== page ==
On July 28, 1932, President Herbert Hoover sent the military to deal with a group of World War I veterans who marched on Washington and called the Bonus Army.

Eight years ago, despite the veto The US government passed the World War Adjusted Compensation Act by then-President Calvin Coolidge. It granted bonuses based on the days of war, but only small amounts were paid out immediately. Anything that cost more than $ 50 was issued as a service certificate that was not redeemable until 1945.

This caused a problem when the Great Depression hit because people did not want to wait decades for their compensation. In 1932 veterans began to protest and demanded the immediate payment of their bonuses.

It's hard to tell how many veterinarians it was. Initially, only a few hundred were gathered by a former sergeant named Walter Waters. But they grew by thousands and later by tens of thousands. It is estimated that around 20,000 veterans and their families came to Washington at the height of the movement and settled in barrack cities.

President Herbert Hoover had no intention of yielding to their demands. First, he sent the police to disperse them. Tensions soon became violent and two demonstrators died . Later, he sent the army to permanently evacuate the barrack towns.

A squad commanded by General Douglas MacArthur used tear gas and bayonets to evict the demonstrators, then destroyed their camps. Hundreds more were injured, but there were no more deaths.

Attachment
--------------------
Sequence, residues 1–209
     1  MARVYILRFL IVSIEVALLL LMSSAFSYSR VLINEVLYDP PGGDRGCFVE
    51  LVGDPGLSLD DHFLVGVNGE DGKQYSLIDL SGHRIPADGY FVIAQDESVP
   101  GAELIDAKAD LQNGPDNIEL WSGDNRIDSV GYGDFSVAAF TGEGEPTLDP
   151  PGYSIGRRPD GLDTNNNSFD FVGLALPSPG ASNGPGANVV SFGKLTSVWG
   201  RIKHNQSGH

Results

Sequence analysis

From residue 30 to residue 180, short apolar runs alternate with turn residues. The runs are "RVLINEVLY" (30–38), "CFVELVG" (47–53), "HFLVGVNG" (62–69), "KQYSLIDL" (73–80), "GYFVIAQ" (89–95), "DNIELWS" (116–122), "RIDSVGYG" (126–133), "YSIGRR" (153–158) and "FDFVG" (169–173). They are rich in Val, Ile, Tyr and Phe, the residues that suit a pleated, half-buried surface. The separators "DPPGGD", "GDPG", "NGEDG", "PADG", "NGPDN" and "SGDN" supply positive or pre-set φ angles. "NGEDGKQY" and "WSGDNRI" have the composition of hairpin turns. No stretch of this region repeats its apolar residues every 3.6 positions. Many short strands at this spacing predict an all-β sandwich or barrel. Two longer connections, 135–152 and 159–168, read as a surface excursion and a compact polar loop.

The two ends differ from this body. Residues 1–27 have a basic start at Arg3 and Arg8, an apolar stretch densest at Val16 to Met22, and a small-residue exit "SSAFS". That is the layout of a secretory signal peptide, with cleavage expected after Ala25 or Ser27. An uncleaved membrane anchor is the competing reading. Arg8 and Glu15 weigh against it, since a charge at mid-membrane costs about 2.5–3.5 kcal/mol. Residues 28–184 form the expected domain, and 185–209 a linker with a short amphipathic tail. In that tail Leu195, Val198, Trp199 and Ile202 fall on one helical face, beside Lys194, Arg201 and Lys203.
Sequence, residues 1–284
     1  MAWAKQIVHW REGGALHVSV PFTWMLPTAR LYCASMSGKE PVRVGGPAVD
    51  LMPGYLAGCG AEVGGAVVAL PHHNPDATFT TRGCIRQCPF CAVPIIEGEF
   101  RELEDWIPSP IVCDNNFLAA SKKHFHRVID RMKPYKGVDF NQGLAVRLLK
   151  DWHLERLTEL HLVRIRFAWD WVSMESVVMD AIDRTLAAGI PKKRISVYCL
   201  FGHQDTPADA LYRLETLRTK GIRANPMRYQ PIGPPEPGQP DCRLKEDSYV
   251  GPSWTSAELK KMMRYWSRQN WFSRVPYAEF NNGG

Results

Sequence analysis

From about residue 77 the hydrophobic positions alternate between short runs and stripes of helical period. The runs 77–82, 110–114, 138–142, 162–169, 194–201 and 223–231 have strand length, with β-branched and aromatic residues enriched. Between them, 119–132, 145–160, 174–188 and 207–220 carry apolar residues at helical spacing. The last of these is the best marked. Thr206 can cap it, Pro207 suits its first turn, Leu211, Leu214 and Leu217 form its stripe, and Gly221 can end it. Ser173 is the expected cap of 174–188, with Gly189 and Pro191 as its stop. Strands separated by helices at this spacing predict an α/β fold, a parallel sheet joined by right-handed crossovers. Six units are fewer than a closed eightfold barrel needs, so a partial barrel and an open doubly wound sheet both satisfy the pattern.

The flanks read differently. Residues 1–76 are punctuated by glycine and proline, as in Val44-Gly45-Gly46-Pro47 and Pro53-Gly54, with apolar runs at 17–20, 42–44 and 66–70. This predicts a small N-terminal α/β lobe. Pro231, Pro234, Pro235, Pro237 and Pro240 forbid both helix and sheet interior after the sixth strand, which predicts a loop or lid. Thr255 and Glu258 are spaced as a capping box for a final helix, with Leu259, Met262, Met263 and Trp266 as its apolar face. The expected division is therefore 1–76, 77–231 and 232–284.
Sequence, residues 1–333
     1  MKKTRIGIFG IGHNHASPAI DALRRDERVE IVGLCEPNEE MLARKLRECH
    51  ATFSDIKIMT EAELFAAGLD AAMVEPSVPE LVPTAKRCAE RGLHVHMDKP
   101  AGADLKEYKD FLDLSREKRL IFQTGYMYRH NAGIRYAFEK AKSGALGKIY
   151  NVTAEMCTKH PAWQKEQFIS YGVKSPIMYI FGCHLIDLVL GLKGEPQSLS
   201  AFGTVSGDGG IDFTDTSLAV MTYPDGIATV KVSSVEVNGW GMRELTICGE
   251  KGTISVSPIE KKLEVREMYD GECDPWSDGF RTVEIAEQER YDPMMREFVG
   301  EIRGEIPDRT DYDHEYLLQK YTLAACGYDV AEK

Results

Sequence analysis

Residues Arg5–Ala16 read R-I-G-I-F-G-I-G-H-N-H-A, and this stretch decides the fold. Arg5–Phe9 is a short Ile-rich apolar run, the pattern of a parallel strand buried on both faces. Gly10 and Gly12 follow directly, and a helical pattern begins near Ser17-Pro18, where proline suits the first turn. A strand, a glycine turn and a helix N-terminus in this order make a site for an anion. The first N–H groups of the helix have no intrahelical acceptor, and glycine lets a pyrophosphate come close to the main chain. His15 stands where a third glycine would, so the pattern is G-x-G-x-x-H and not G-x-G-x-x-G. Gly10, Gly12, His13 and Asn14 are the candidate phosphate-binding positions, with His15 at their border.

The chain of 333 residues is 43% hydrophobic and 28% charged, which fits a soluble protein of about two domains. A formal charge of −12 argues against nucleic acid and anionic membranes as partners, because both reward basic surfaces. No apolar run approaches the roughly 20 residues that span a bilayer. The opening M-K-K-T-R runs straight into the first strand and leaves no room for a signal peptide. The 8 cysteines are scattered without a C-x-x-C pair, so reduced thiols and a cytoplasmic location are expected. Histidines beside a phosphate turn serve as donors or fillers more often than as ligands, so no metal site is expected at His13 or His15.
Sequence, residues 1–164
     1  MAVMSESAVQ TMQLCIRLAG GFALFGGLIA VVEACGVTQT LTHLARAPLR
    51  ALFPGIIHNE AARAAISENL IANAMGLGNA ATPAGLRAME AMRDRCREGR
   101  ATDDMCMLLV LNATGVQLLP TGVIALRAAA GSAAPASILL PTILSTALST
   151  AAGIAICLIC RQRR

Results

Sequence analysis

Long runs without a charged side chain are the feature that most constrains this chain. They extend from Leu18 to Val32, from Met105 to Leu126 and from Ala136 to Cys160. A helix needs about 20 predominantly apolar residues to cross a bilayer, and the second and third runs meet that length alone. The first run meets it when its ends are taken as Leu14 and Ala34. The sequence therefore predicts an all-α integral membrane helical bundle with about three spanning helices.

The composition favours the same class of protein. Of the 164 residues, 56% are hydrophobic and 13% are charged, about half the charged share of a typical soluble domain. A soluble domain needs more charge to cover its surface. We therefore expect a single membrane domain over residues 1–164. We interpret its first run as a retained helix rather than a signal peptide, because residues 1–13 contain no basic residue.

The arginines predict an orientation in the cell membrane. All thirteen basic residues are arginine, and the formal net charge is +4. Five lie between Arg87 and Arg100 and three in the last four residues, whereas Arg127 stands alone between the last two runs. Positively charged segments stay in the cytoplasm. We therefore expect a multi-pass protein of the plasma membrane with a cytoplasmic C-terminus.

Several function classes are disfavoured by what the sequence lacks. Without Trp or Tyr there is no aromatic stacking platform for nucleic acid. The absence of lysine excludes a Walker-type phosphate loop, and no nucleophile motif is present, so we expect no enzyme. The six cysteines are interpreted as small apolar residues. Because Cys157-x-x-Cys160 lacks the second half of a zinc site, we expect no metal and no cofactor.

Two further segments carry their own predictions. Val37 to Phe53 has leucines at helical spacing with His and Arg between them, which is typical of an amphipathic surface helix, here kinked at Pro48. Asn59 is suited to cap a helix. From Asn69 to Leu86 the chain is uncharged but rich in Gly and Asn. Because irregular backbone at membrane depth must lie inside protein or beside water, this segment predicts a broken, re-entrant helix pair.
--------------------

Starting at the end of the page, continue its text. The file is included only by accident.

Four years later, Congress passed the Adjusted Compensation Act, which granted veterans immediate bonuses in the form of treasury bills.

. 6 The Revolt of Doctors, 1788

One of the first incidents of unrest in the United States following the American Revolution was the uprising of doctors. Despite the name, it was not the doctors who were upset, but the cause of the rampage due to the practice of body-snapping anatomical studies.

In New York City, the theft of corpses for dissection by so-called "resurrection fighters" was considered abhorrent by the public and the authorities, but many looked to the events. The officials were content to ignore the problem, as the body-hijackers targeted a black graveyard outside the city, home to the African Burial Ground National Monument. Even when a group of freedmen asked the city council for help, their request was ignored.